Content note (click for details)Content note: death of close family, grief
I suppose being orphans made Jannah and I excel at animating. I think the ability blooms fiercest in children who’ve experienced loss.
As brother and sister, we’d been assigned to the Ming-Lelanges. That first day with them, they took us to the topiaries, where elephant and giraffe shrubberies guarded the lawns. Some relief from the city’s smokestacks, trains, and dirigibles. There, industrial pollutants had made keeping live animals impossible. But here, families strolled on the grass, among stone anima frozen in whatever poses they’d been left in—not real animals, but close enough.
Jannah sucked her thumb, watching children stare at stone puppies and kittens. The resultant living anima fetched balls. It was our first time seeing animation in practice, something that had gotten more popular as advancements in steam-engines drove animals further inland.
The Ming-Lelanges explained that moving anima wasn’t just about seeing and remembering an animal’s movement. Animating involved memory, but it was really about grasping the animal’s essence: you had to comprehend a puppy’s tail-wagging—its sniffing curiosity, its joyous face-licking—to move something puppy-shaped.
“Your memories of the animal, your understanding of its spirit,” Steffer Ming-Lelange said. “You push that into the stone. Watch!” He frowned at a monkey-animus; it shifted, ambling stiffly across the grass.
Jannah shrieked with delight. “Like when we went to the zoo! With Mom and Dad!”
We’d been sad for so long over our parents’ deaths. I thought I’d never see Jannah smile again.
Steffer strained at the monkey, but like other adults, his talent had faded. His husband Marle couldn’t animate at all. The monkey ground to a standstill.
Suddenly, it somersaulted. Steffer turned to Marle. “That wasn’t me.”
They saw me squinting at it. Mom had wanted to see the birds at the zoo’s aviary. I’d whined it was too far, and Dad agreed. Mom had looked a little sad–birds being so rare those days–but smiled it away. She stifled a cough. We saw the monkeys instead.
We’ll see birds next time, Mommy! Jannah had said, tugging Mom’s hand.
She’d laughed. Next time, kids! Promise with a kiss!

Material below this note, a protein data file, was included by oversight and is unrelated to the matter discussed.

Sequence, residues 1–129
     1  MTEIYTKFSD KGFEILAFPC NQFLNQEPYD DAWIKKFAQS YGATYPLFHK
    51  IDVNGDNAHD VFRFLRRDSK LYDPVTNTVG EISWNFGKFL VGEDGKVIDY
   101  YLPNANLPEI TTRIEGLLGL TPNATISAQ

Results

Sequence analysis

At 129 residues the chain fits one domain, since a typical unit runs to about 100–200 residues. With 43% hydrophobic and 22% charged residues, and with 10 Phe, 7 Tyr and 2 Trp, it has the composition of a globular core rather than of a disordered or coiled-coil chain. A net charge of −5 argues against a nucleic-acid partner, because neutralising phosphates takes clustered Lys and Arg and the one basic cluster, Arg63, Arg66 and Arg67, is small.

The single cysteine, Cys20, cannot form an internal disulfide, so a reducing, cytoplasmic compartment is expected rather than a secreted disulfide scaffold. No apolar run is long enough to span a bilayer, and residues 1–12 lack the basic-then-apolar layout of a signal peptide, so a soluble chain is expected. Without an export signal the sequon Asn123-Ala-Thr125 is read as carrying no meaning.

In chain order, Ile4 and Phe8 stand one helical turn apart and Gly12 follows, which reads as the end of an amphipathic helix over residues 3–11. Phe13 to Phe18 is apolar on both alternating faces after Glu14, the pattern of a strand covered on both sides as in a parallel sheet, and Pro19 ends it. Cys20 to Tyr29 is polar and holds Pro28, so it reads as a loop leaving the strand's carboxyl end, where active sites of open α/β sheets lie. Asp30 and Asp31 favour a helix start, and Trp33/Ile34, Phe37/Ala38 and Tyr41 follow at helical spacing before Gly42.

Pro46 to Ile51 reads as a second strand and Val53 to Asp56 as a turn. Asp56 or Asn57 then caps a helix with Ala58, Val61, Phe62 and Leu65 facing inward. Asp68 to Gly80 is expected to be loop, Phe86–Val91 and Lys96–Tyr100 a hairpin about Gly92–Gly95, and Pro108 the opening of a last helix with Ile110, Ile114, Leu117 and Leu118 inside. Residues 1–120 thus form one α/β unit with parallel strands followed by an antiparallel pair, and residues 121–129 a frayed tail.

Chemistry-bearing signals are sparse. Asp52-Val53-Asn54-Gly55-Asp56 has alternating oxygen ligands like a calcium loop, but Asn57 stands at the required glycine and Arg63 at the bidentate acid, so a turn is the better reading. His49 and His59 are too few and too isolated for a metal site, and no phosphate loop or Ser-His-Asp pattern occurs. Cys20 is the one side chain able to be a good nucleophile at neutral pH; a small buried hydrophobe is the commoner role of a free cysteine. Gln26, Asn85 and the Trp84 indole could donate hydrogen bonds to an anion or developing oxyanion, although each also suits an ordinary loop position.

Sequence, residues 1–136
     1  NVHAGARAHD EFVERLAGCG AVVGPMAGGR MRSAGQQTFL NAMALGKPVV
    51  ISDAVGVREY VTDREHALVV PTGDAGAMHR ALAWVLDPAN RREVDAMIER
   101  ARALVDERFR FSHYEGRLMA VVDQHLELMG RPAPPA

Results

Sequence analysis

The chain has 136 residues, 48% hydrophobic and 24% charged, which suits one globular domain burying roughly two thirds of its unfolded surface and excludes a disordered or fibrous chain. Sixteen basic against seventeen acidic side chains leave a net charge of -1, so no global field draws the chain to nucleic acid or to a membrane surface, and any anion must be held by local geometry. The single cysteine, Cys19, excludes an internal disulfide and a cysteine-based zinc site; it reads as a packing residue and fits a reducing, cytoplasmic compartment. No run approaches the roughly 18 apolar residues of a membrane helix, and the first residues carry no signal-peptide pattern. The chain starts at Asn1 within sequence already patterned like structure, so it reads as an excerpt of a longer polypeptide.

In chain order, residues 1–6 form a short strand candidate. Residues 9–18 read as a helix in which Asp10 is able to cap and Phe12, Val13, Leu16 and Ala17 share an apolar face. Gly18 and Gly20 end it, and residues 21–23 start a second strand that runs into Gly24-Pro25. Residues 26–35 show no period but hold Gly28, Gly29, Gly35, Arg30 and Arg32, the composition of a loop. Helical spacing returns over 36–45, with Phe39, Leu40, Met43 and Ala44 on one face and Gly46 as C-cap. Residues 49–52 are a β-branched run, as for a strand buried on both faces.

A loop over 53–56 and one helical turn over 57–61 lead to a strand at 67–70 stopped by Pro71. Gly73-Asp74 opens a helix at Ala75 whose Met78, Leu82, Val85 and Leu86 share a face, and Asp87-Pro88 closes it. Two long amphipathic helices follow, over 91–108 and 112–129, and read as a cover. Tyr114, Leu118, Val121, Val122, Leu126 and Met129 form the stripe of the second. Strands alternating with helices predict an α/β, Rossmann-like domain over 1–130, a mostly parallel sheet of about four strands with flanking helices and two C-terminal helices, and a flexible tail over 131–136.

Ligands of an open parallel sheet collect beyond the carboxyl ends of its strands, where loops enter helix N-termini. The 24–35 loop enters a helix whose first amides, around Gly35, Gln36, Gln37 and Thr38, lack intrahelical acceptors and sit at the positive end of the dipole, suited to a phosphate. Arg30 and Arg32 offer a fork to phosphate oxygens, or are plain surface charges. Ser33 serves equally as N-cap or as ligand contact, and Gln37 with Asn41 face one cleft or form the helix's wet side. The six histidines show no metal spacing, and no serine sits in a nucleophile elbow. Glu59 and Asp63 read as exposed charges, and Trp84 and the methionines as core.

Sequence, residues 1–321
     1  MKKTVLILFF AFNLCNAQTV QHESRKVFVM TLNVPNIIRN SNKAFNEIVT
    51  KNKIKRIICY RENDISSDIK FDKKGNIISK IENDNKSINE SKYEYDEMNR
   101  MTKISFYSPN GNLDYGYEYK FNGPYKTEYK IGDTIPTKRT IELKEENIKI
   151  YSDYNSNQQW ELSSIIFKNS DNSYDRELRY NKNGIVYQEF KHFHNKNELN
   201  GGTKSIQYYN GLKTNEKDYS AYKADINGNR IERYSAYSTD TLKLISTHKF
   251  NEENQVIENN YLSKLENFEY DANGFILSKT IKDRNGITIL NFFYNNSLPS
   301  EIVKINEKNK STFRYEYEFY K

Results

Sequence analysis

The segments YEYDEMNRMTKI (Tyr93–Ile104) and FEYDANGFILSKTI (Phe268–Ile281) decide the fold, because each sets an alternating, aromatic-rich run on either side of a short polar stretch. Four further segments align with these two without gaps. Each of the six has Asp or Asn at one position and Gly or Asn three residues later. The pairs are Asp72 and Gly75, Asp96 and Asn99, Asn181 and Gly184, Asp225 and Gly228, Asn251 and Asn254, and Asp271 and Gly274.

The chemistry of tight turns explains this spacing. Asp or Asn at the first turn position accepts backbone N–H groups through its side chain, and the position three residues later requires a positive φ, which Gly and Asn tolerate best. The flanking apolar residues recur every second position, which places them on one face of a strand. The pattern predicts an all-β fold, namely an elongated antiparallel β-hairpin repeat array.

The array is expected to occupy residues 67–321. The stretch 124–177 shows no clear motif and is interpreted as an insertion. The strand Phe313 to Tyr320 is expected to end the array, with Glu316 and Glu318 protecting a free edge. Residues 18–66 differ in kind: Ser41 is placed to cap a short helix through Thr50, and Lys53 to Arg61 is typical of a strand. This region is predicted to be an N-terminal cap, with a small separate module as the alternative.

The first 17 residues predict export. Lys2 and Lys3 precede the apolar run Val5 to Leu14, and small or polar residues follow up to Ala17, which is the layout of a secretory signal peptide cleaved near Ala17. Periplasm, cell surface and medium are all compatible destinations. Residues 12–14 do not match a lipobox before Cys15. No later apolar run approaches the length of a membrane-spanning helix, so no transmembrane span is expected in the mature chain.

Together, Jannah and I blew her one. MMM-wah!
My eyes got wet from the pit forming in my chest. I set my jaw and stared harder. The stone monkey cupped a hand to its mouth, and tossed it out, something I’d seen the zoo monkeys do. A kiss for Mom–too late. We never got a chance to see the birds. We never got to see Mom’s face light up at the wings fluttering in smogless air.
Steffer clapped. “Well done!”
I smiled, making the monkey eat imaginary bananas.
“Where’s Jannah?” Marle asked. The monkey froze mid-bite as I whirled around to look. The accident that had taken our parents was sudden. One moment we were together, the next… Jannah was all I had left.
A commotion from the topiaries.
The shrubs were trained with wicker-wire—framework evoking enough animal-shape for Jannah to aim her hopeful intent at.
“That won’t work, dear,” an attendant said. “Only the stone anima can—”
The attendant gaped as, under Jannah’s stare, an elephant shrubbery tore loose.
Yes, during that zoo trip, we’d seen elephants, too. Raising its trunk, the elephant trumpeted. It sounded offended. Upset. Nobody’s ever explained how she did that. It was greenery, nothing that could actually make noise.
Afterwards, whenever anyone asked, Jannah only smiled.
As more attendants approached, Steffer and Marle winced at the damage, even as they laughed.
That night, Jannah came to my room. “I felt the elephant’s spirit!”
I knew where she was going with that. As older brother, I had to explain the nature of death. I considered my words carefully.
“Elephants get angry, Jannah. They stampede and trample. But your shrubbery didn’t do those things, because that wasn’t an elephant’s soul you pushed into that shrubbery. It was what you remembered. Your understanding of elephants in general. It was a… recording. An impression.”
Jannah went quiet. “I don’t remember any angry elephants that day at the zoo.”
“When people die,” I pressed, “nothing but bodies remain.”
“But something was there for me to pull that shrub. So… maybe Mom’s spirit is still around. Or Dad’s. We have to remember them!”
I shrugged. “We’re Ming-Lelanges now. That’s not a bad thing. They’re kind.”
“Mom and Dad’s spirits are still around.”
Her argument was tempting. And after she left, something nagged me. She was right. When we saw elephants at the zoo, none of them were angry. None of them trumpeted.